October 1983: Yes Releases "Owner of a Lonely Heart"

Yes Live in Philadelphia, 1983 Alan White, Steve Howe, Chris Squire and Jon of Yes (Photo by Jeff Kravitz/FilmMagic)
Photo Credit
Yes live in Philadelphia, 1983, (Jeff Kravitz/FilmMagic)

Yes was in complete shambles by the time what was left of the band headed into making what would become the 90125 album. The group had broken up after 1980's Drama, with members Chris Squire and Alan White starting a new outfit, Cinema. Featuring former Yes member Tony Kaye and longtime band associate Trevor Rabin, the new unit's studio activities grabbed the interest of former Yes singer Jon Anderson, who would join his old makes while recording. Suddenly, Yes was back together.

RELATED: February 1971: Yes Releases "The Yes Album"

This, however, was not the same yes that prog-rock fans revered for such classics as Tales from Topographic Oceans. With Trevor Horn (Frankie Goes to Hollywood, Pet Shop Boys, Grace Jones) on production, the new songs were wildly modern and far more commercially viable than anything Yes had ever done.

This change in direction was most evident on the album's lead single, "Owner of a Lonely Heart." Released a few weeks ahead of the album on October 8, 1983, the song was a breakout smash at radio and record stores, flying straight to #1 on the Hot 100 for the week of January 21, 1984. It held the top spot for two weeks before being replaced by Culture Club's "Karma Chameleon."

"Well, the song was already finished, but there were no verses," singer Jon Anderson told Songfacts in back in 2013. "They had tried some verses and it really wasn't working. They had the chorus, they had the arrangement. I came in and all the songs were virtually put together, but there was a lack of choruses here, verses there. I went in for three weeks with Trevor and sort of filled everything in. I remember sitting with Trevor Rabin and we started off, 'Move yourself, you always live your life never thinking of the future.' That was the line I wrote. And then he'd say, 'Prove yourself, win or loser. And then he said, 'Jon, I've got to go. You carry on.' So I just carried on writing the lyrics to the verses. The chorus was already well organized by Trevor."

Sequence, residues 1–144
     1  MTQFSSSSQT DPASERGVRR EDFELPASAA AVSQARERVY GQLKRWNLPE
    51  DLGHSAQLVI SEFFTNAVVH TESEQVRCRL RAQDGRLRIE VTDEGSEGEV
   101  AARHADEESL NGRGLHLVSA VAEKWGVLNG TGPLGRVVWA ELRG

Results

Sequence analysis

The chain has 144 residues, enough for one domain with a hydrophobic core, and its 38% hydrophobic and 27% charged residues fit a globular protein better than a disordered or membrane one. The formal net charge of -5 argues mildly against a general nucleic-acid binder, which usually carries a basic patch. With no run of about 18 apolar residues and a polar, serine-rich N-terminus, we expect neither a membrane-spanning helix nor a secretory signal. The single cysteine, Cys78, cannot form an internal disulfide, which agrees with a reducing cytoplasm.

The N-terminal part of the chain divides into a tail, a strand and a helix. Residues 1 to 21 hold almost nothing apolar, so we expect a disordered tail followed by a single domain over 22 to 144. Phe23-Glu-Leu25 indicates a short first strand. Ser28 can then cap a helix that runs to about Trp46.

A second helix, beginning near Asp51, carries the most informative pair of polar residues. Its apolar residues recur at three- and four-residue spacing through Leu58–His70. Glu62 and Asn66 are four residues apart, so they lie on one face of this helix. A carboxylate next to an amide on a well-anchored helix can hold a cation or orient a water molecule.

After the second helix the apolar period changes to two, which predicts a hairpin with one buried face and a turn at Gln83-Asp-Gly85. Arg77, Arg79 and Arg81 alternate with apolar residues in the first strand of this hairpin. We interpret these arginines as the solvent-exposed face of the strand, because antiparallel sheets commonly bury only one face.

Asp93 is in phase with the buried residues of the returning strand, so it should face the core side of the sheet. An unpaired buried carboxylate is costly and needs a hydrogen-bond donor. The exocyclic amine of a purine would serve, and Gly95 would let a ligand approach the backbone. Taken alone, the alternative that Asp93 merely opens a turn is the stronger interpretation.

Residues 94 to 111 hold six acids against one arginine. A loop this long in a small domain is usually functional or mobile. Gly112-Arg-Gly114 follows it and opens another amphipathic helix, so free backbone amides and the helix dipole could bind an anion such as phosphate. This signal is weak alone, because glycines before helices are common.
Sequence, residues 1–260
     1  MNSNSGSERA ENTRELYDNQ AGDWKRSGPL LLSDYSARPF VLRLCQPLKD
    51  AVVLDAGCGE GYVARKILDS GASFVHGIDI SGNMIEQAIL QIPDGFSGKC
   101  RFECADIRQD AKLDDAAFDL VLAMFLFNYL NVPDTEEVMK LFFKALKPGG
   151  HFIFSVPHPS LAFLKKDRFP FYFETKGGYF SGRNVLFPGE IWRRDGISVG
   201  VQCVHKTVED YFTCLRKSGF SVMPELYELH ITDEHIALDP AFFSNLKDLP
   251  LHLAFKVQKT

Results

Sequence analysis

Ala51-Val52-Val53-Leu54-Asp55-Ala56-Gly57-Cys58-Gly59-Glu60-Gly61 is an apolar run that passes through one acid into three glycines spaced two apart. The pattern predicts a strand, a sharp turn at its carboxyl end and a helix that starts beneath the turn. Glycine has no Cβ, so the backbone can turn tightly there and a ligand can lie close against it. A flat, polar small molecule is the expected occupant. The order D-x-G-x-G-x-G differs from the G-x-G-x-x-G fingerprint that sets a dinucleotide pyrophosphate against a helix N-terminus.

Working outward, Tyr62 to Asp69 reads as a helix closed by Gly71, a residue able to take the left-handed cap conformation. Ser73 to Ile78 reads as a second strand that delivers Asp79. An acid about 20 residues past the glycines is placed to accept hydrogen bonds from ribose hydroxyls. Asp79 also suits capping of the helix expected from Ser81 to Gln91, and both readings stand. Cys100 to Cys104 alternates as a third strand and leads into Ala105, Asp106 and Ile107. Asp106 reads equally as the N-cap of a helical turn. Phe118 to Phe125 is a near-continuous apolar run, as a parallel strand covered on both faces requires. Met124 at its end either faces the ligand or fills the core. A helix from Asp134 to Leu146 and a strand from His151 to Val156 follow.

The way Anderson remembers it, the song was destined for the top the of charts. His presence, however, served a very specific purpose.

"It was already deemed to be a hit record. The record company had invested a lot of money in making a record. They brought me in to make it Yes." he recalled. "They said, 'This is going to be a hit, and we're going to make sure.' They promoted it like crazy and did a good video - MTV had just started up. So everything just sort of happened at the same time.

That music video was a cinematic and conceptual clip directed by the graphic design legend Storm Thorgerson, renowned for his work with the Hipgnosis design team. They're responsible for some of the most memorable album covers in the history of rock, including Pink Floyd's Dark Side of the Moon and Led Zeppelin's House of the Holy. Thrust into heavy rotation on MTV, the track introduced Yes to a whole new generation of music fans.

When asked if the conceptual clip was in any way representative of the song's lyrics, Anderson could only throw up his hands.

"I've got no idea. Probably because there's that guy walking along the bridge and he then turns around and walks the other way," the singer said. "He's lonely and he's lost and he's looking for himself. It's a great video. Sometimes it doesn't have to be explained."

"Owner of a Lonely Heart" still stands as the most successful single of the band's vast discography, the only of the group's songs to hit #1 on the Billboard Hot 100. The album 90125 has a similar distinction as Yes' singular #1 on the Billboard 200 albums chart.

Artist Name

Read More

Ron Wolfson/WireImage
The 1979 recording will appear on the upcoming super deluxe edition of Prince’s 'Sign O’ the Times.'
Philip Wayne Lock/Fairfax Media via Getty Images
A look back at the group's quirky-as-ever fifth album.
Chris Walter at the Music File Photos 1970's in Various Cities, United Kingdom
The podcast's first season explores the origins of 1970's 'Workingman's Dead.'

Facebook Comments